But I have to admit that my heart sank a little when I found out about McCain’s choice. I have a feeling that his tactic will work, for the most part. My oldest daughter disagrees with me: she thinks that it will hurt McCain enough to get Obama into the White House. I hope that she’s right.

For more editorial, read this on
For more on Palin, read this article on from August 30, 2008.

Mothers’ Movements

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From my Mothers Book Bag newsletter: “There’s an attitude among many mom bloggers that if you make money via your blogging, you’ve sold out, pimped your kids, or you’re not a good mom because you’re ignoring your children while you write. Or that if you blog about your family life you’re putting you and your children at risk from pedophiles, kidnappers, and stalkers or that you’ve invaded your children’s privacy.

“I believe that this feeling from some parts of the blogosphere is due to jealousy, especially of the “rock star” bloggers like Heather Armstrong of Dooce. But it’s also wanting to put others down because women do not feel confident in their roles as mothers and women.”

There’s a lot of truth in these statements. There are many movements and websites nowadays attempting to organize mothers but I believe that’s an uphill battle. Because there is no one who is as judgmental about other mothers than a woman who is a mother herself. We’re all so insecure about what we’re doing that we look for any scrap of evidence that we’re going it better than other mothers.

Of course we’ve picked up the attitudes of society here. But it’s hard to feel good about yourself when you’re constantly hearing that the mother is the one primarily responsible for the welfare of her children and the happiness of her home. Men get judged if they’re deadbeat dads–and rightfully so–but they’re not held to the same standards as mothers are. Conservatives especially like to blame everything that’s wrong with society on mothers who work outside of the home. Well, might as well give up then, because mothers aren’t going en masse back into the home any time soon. They can’t afford to for the most part, and even when they can, they often don’t want to. And why should they have to? Isn’t the problem really that mothers don’t get enough help in their quest to be better at what they do?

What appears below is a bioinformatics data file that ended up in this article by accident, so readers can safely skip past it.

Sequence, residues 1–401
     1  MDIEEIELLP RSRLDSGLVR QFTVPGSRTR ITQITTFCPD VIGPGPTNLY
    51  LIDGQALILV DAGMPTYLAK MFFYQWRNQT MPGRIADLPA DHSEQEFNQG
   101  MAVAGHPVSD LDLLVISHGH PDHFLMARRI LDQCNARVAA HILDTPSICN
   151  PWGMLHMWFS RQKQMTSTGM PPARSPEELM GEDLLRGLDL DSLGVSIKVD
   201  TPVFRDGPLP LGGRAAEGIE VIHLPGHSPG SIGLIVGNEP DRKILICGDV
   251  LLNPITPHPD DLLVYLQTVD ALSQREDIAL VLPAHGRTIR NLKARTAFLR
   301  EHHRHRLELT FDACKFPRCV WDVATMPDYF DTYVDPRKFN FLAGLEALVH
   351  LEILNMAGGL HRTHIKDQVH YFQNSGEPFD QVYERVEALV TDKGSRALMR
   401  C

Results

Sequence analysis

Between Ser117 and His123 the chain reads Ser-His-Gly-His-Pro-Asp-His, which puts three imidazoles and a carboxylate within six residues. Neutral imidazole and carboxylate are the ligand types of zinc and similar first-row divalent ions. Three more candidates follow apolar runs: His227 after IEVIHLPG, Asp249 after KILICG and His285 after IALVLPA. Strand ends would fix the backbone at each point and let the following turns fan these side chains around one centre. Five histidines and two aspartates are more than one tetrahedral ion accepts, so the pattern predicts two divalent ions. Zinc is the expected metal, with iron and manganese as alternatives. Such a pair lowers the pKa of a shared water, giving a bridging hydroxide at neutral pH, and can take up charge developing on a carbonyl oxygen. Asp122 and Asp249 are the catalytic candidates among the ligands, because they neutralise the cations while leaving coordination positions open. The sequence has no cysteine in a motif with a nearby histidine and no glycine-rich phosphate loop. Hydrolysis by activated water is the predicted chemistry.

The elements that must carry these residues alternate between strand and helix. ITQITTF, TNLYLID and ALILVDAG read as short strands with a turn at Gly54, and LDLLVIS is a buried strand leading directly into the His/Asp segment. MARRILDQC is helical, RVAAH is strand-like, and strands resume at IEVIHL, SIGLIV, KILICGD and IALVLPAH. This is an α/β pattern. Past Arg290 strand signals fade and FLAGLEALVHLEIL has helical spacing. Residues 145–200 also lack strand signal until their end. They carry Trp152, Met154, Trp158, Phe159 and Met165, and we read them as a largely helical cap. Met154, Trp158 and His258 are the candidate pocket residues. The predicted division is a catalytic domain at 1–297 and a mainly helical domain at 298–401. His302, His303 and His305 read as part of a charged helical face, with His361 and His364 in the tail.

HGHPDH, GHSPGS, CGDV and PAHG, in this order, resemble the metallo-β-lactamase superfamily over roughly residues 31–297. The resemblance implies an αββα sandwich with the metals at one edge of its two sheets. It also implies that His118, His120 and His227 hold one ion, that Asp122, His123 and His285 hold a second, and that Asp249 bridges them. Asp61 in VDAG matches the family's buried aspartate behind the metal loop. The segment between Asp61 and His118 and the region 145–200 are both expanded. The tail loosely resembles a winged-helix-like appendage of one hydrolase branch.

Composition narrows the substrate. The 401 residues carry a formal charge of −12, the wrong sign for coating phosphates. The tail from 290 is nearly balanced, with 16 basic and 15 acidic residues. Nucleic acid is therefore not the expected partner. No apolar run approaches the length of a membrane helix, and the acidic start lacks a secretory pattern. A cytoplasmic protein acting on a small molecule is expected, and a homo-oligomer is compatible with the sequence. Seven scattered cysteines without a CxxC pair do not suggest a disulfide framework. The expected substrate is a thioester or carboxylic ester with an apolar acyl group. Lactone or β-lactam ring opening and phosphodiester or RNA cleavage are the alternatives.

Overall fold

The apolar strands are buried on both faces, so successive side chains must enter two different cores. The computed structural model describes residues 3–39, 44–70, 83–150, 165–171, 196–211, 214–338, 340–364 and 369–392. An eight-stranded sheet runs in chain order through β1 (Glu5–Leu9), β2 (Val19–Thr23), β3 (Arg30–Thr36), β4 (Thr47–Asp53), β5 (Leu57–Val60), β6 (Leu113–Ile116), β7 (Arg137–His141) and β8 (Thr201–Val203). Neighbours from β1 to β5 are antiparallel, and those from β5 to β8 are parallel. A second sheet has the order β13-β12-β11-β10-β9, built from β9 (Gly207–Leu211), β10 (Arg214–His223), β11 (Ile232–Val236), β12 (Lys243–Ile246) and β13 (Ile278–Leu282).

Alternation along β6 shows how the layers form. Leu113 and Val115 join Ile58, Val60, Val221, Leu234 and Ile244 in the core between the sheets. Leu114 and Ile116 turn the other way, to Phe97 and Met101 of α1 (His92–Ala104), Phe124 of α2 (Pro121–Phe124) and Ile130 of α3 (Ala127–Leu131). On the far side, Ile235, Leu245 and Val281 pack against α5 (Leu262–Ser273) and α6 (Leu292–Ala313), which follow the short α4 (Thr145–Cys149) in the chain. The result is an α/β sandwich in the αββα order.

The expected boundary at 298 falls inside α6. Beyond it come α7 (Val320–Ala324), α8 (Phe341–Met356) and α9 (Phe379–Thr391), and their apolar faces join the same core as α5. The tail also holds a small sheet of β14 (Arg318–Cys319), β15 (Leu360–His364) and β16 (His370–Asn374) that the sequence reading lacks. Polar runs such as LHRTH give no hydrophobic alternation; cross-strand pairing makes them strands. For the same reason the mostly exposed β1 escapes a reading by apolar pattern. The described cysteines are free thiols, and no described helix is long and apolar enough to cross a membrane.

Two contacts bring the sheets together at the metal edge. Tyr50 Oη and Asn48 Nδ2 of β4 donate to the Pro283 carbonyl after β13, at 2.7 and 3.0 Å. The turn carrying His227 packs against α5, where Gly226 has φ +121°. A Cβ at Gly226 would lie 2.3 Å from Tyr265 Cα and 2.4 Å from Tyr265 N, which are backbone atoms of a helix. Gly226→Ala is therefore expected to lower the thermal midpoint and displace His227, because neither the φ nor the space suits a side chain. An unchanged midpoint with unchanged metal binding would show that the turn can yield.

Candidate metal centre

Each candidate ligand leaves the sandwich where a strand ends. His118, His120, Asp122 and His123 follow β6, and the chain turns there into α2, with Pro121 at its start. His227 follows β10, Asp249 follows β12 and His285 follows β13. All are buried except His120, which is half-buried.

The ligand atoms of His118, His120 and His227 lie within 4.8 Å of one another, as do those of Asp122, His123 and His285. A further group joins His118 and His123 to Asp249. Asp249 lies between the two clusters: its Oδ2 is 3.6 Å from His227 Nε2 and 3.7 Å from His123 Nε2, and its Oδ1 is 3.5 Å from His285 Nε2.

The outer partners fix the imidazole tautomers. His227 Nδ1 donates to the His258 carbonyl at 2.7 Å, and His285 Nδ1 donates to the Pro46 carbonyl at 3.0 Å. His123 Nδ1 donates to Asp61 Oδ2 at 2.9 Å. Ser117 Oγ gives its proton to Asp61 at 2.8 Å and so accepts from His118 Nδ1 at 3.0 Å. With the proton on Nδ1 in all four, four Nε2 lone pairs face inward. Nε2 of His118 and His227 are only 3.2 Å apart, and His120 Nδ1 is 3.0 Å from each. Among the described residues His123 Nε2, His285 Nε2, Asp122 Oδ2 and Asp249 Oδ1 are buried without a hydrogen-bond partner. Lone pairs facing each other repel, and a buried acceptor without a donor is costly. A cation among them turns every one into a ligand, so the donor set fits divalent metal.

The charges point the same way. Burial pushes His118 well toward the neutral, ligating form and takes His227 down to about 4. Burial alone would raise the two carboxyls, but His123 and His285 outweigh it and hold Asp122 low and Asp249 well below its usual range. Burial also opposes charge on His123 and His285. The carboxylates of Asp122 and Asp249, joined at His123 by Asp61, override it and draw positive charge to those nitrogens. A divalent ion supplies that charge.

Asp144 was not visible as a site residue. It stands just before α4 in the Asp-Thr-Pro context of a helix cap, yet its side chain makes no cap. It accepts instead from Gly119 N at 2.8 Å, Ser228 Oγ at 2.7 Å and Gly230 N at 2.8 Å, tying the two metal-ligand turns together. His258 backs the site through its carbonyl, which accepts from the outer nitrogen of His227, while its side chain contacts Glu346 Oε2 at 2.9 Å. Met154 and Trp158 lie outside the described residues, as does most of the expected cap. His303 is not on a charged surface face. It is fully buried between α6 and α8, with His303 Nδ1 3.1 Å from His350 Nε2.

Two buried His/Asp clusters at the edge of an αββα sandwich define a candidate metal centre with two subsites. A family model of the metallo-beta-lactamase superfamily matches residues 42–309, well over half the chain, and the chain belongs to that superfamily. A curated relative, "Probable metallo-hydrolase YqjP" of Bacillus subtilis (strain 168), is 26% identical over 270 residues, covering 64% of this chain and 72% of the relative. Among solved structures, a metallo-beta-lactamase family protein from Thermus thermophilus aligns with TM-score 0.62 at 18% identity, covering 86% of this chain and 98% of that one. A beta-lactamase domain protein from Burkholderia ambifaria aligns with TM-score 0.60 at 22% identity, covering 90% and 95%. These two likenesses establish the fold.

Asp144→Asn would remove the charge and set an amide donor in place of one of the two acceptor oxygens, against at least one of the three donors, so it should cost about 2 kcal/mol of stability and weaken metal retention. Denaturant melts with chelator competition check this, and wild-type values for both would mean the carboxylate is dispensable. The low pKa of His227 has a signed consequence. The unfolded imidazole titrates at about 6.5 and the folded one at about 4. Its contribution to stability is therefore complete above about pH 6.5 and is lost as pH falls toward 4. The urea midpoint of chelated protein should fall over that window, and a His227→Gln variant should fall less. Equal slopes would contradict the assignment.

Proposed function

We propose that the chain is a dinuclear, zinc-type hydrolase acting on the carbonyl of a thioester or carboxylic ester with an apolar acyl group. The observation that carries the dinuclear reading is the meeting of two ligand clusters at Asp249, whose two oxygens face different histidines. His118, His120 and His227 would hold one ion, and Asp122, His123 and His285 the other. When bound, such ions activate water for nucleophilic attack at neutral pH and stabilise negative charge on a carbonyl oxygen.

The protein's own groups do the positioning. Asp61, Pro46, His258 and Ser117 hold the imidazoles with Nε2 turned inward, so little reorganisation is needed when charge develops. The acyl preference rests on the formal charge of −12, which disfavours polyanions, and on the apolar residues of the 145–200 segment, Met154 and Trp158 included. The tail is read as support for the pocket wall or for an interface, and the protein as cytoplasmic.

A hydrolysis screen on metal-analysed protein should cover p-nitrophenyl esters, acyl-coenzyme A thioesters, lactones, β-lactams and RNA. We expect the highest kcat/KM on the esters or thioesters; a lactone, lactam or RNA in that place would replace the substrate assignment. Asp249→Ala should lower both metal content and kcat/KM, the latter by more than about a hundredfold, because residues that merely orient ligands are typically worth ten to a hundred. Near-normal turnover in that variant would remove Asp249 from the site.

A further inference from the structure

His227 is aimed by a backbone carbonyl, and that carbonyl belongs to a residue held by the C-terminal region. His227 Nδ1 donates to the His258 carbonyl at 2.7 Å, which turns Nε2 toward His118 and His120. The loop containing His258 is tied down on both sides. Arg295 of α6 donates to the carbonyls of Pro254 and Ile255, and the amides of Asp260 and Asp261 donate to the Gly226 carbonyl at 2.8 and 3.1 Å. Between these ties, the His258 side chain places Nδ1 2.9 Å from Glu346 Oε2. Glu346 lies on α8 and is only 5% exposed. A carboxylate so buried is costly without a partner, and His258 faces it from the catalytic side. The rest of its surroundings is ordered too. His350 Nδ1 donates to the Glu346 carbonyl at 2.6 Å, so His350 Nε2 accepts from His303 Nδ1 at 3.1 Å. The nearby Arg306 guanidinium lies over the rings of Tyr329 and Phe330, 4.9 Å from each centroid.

Just being in the house 24/7 doesn’t ensure that women will cure all of society’s ills. That’s an assinine assumption. Society has always had problems even when almost all women were in the home. Because when they were, they’re weren’t sitting around reading child psychology books and forming mother support groups. They were working–hard! Anyone who works at a paying job from home with children in it knows how hard it is to be a “perfect” mother while doing so.

Hey, it’s even hard to be a perfect mom if “all” you do is be a mother (oh, and a homemaker, and even a wife). Imagine that. I think one reason why motherhood is looked down on in this society is because so many people (read: non-mothers) think it’s so easy to be one. They pooh-pooh the idea that what a woman does when she stays at home is in any way comparable to what people do when they work all day outside of the house. Sure, she’s with her kids 24/7, but she’s not actively interacting with them all that time. (Oh, no?) And besides, how hard is it to have to interact with your kid? That’s nothing more than talking with them. How hard is that?